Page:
ATM WAN architecture supports the following five interface types, which are discussed in greater detail in the following sections:
• ATM user-network interface (UNI)— This interface defines the interaction among the following:
- An ATM endpoint device and a private network switch
- An ATM endpoint device and a public network switch
- A private network switch and a public network switch
• ATM Network-Network Interface (NNI)— This interface supports signaling between ATM switches across NNI links.
• ATM data-exchange interface (DXI)— This interface supports communication with a DXI-enabled router via the router's serial interface.
• ATM private network node interface or private network-to-network interface (PNNI)— This interface enables differing switch vendors to interoperate across an ATM WAN. Vendors can opt to implement proprietary ATM signaling between their own switches. Cisco Systems, Inc. implements PNNI 1.0.
The ATM Forum released the full PNNI 1.0 specification in May 1996. PNNI 1.0 enables scalable, full function, dynamic, multivendor ATM networks by providing both PNNI routing and PNNI signaling. PNNI is based on UNI 3.0 signaling and static routes.
• ATM broadband ISDN (B-ISDN) intercarrier interface (B-ICI)— This interface describes public network-to-network interface points. For a global telecommunications network to exist, public ATM networks must be interconnected.
UNI signaling in ATM defines the protocol by which the ATM devices in the network dynamically set up SVCs.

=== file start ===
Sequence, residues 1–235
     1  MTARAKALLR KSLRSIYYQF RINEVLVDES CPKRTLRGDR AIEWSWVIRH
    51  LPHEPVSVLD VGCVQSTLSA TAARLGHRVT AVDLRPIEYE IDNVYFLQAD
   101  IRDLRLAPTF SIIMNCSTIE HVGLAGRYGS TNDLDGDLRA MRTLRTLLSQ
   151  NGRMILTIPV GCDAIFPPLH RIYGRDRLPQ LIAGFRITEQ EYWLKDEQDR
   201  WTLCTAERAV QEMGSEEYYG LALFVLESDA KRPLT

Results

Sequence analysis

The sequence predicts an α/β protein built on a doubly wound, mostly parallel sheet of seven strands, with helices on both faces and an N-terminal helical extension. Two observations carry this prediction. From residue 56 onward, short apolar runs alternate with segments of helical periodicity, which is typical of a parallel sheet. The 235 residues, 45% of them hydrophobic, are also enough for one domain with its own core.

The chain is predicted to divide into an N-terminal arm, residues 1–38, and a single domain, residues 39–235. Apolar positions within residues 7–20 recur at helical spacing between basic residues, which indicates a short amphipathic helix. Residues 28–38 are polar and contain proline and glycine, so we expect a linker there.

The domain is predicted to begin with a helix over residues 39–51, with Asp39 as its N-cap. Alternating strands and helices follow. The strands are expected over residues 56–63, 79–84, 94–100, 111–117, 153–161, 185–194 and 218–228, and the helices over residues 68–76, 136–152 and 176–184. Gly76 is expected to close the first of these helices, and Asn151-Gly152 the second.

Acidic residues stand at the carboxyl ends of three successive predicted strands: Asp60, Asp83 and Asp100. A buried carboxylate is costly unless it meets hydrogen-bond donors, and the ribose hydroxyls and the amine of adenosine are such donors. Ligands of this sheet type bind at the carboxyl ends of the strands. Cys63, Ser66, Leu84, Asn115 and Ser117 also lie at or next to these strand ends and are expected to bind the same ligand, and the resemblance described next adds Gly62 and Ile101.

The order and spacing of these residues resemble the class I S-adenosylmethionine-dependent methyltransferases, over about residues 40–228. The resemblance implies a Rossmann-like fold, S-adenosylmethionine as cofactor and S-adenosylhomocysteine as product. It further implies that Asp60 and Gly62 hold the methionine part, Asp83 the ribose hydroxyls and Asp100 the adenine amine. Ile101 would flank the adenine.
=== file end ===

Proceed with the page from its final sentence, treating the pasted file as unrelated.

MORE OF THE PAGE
The UNI specifications include physical layer, integrated local management interface (ILMI), traffic management, and signaling.
NNI signaling is part of the PNNI specification, which includes both signaling and routing.
The ATM Forum developed a standard known as the ATM DXI to make ATM features and functionality immediately available to the networking community. DXI can be used to enable UNI support between Cisco routers and ATM networks, as illustrated in Figure 18-3.
Figure 18-3. ATM DXI
The ATM data service unit (ADSU) receives data from the router in ATM DXI format over a high-speed serial interface (HSSI). The DSU converts the data into ATM cells and transfers them to the ATM network over a DS-3/E3 line.
ATM DXI is available in several modes for DXI header format:
• Mode 1a— Supports AAL5 only, a 9,232 octet maximum, a 2-byte DXI header, and a 2-byte frame check sequence (FCS). Mode 1a supports up to 1,023 virtual circuits.
• Mode 1b— Supports AAL3/4 and AAL5, a 9,224 octet maximum, a 2-byte DXI header, and a 2-byte FCS. Mode 1b AAL5 support is the same as Mode 1a. AAL3/4 is supported on one virtual circuit. Mode 1b supports up to 1,023 virtual circuits.
• Mode 2— Supports AAL3/4 and AAL5, a 65,535-octet maximum, a 4-byte DXI header, and a 4-byte FCS. DXI Mode 2 double-encapsulates AAL5 frames and supports up to 16,777,215 virtual circuits.
Cisco uses Mode 1a for the DXI header format.
On the router, data from upper-layer protocols is encapsulated into ATM DXI frame format, as illustrated in Figure 18-4.
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